Tags: andrew buncombe, Major-General Athar Abbas, pakisani taliban, pakistan, pakistan bombing, pakistan civilian casualties, pakistan war, pakistani refugees, refugees, roger hollander, sharia law, swat valley, Taliban, taliban fighters, taliban militias, u.s. bombing, yousaf gilani
Prime Minister appeals for unity amid growing anxiety over spread of militants
Up to 500,000 terrified residents of Pakistan’s Swat valley have fled or else are desperately trying to leave as the military steps up an operation using fighter jets and helicopter gunships to “eliminate” Taliban fighters.
As the military intensified what may be its most determined operation to date against militant extremists, the UN said 200,000 people had already arrived in safe areas in the past few days while another 300,000 were on the move or were poised to leave.
The escalation of the operation came after Pakistan’s Prime Minister, Yousaf Gilani, made a public appeal for unity. In a televised address on Thursday evening, Mr Gilani said: “I appeal to the people of Pakistan to support the government and army at this crucial time. We pledge to eliminate the elements who have destroyed the peace and calm of the nation and wanted to take Pakistan hostage at gunpoint.”
The struggle to drive the Taliban from Swat comes amid intense pressure from the US and deepening anxiety in Pakistan about the spread of the militants to areas no more than 60 miles from Islamabad. The government had initially hoped to bring an end to two years of violence in the former tourist haven by signing a controversial peace deal which saw it agree to the establishment of sharia law in the valley and in neighbouring areas. However,the ceasefire appeared to encourage Taliban militias and their fighters slipped into the adjacent area of Buner.
Last night a military spokesman, Major-General Athar Abbas, told a Pakistani television channel: “To a rough estimate there are between 4,000 to 5,000 militants present in Swat. We are looking forward to the return of the writ of the state.”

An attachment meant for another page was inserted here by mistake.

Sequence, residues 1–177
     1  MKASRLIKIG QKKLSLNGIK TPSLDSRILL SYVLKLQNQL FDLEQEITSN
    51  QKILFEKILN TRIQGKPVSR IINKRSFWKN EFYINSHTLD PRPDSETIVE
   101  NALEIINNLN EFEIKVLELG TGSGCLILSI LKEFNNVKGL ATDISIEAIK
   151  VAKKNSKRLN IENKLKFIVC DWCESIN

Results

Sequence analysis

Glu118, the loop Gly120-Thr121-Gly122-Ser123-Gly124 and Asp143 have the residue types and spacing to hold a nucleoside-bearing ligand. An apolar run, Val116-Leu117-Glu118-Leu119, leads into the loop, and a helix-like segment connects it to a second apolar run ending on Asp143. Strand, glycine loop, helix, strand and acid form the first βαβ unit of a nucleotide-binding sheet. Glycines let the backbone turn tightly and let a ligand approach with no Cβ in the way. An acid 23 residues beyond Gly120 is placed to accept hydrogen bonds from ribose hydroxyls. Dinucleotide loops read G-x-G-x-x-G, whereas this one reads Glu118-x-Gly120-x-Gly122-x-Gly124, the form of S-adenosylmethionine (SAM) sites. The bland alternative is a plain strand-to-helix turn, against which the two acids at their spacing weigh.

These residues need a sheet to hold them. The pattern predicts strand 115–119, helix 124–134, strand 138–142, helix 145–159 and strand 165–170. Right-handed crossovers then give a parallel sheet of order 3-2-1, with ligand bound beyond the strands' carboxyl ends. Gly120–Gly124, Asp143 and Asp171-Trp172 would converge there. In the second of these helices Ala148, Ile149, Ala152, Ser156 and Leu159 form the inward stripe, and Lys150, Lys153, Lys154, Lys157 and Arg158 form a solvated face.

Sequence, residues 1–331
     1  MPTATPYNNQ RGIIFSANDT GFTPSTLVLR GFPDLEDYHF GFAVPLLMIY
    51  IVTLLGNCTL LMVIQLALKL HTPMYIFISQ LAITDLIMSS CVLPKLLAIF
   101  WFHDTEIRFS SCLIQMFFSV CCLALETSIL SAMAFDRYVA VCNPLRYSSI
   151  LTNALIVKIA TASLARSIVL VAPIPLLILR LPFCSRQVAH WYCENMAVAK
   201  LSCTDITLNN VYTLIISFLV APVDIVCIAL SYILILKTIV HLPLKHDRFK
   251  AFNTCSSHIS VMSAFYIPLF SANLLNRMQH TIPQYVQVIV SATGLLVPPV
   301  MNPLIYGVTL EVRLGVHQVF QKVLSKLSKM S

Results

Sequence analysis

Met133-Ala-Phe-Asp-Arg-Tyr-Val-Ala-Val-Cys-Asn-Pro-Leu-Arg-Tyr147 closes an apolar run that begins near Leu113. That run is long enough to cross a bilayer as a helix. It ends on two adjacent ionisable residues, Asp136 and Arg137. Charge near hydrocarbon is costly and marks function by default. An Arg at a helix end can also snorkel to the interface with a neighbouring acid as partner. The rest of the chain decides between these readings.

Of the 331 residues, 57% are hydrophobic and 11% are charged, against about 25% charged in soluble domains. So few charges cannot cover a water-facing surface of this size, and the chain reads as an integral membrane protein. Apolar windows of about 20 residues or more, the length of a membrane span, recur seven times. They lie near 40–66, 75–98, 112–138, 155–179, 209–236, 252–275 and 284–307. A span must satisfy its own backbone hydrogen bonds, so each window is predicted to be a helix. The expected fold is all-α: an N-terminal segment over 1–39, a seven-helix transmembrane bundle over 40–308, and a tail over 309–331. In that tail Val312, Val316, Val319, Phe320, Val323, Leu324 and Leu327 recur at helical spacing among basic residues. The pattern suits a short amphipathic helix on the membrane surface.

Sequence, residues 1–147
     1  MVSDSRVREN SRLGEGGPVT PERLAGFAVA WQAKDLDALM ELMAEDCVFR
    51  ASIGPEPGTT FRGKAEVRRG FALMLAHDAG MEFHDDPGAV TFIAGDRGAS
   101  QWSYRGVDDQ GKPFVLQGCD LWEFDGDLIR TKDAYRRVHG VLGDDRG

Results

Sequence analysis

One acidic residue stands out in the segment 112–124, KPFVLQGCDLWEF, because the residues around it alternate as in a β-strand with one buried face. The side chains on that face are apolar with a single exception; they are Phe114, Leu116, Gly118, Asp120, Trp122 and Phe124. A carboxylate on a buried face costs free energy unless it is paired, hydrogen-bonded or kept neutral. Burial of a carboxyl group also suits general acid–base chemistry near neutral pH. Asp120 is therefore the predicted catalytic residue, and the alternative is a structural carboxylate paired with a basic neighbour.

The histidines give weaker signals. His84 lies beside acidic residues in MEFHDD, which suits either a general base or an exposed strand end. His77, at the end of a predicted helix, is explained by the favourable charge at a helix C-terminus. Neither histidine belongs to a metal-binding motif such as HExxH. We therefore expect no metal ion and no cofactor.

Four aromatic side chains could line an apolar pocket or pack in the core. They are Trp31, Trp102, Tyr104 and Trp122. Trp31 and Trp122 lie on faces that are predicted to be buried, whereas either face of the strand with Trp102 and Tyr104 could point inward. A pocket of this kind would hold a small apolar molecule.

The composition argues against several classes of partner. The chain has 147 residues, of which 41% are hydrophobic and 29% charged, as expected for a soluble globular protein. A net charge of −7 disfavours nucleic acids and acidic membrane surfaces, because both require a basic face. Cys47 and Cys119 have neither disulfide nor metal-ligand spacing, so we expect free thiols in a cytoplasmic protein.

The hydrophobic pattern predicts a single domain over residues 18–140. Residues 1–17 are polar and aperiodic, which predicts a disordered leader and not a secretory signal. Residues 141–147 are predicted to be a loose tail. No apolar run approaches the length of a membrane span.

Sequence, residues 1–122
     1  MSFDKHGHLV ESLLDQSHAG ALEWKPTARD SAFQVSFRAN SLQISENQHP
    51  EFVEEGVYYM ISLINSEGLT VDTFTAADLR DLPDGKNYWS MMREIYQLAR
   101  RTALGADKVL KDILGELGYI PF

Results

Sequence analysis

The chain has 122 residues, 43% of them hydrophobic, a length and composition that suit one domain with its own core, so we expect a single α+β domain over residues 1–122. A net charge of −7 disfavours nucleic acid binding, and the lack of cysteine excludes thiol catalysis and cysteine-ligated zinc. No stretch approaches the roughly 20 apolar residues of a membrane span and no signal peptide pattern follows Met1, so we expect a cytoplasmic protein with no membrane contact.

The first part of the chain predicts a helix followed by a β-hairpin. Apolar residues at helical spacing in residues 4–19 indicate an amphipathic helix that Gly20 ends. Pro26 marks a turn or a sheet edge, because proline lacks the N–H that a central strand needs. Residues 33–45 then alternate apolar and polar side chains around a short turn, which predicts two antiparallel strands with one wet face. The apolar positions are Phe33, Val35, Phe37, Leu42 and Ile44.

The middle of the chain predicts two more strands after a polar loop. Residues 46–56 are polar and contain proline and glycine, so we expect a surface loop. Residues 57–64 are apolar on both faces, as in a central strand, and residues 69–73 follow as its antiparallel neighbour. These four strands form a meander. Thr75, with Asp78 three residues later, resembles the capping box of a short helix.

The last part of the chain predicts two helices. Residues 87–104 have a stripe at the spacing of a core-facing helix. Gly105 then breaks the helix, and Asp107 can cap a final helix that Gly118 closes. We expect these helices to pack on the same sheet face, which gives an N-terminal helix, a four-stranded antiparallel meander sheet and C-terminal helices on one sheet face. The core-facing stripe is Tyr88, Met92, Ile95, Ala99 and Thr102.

Yet the operation – which the military says had already killed scores of militants – could yet present Pakistan with one of its greatest humanitarian challenges. In Geneva, Ron Redmond, a spokesman for the UN High Commissioner for Refugees (UNHCR), said there was now a “massive displacement in north-west Pakistan”.
He added: “The provincial government estimates between 150,000 to 200,000 people have already arrived in safer areas of North West Frontier Province [NWFP] over the last few days, with another 300,000 already on the move or about to move. Those fleeing the latest escalation of hostilities … join another 555,000 previously displaced Pakistanis who had fled their homes in the tribal areas and NWFP since August 2008. The new arrivals are going to place huge additional pressure on resources.”
What also remains unclear is exactly what the military will have to do to clear and secure the Swat valley and how long that might take. While the Taliban may be outnumbered, the offensive is far from one-sided. “They are putting up very stiff resistance, there is no doubt. I don’t think this is going to go away very quickly. It will be weeks, if not months,” said General Talat Masood, a former military officer turned analyst. “But it’s not just about pushing them back. The military then have to hold the territory and then set in place the administrative structure that will give people confidence to return.”
The military operations are taking place in three districts over some 400 square miles. Much of the fighting has been in the city of Mingora, home to 360,000 people before the insurgency. Among those who remain, some have said they had been prevented from leaving by the Taliban who may to use them as human shields.
Tags: Afghanistan, Afghanistan War, answer coalition, iraq aggression, iraq independence, Iraq invasion, Iraq occupation, iraq protest, Iraq sovereignty, Iraq war, iraqi deaths, John McCain, March 21, Middle East, middle east oil, odierno, pakistan assaults, pakistan bombing, palestine occupation, Pentagon, pentagon budget, pentagon march, Petraeus, president obama, Robert Gates, roger hollander, war profiteering, war spending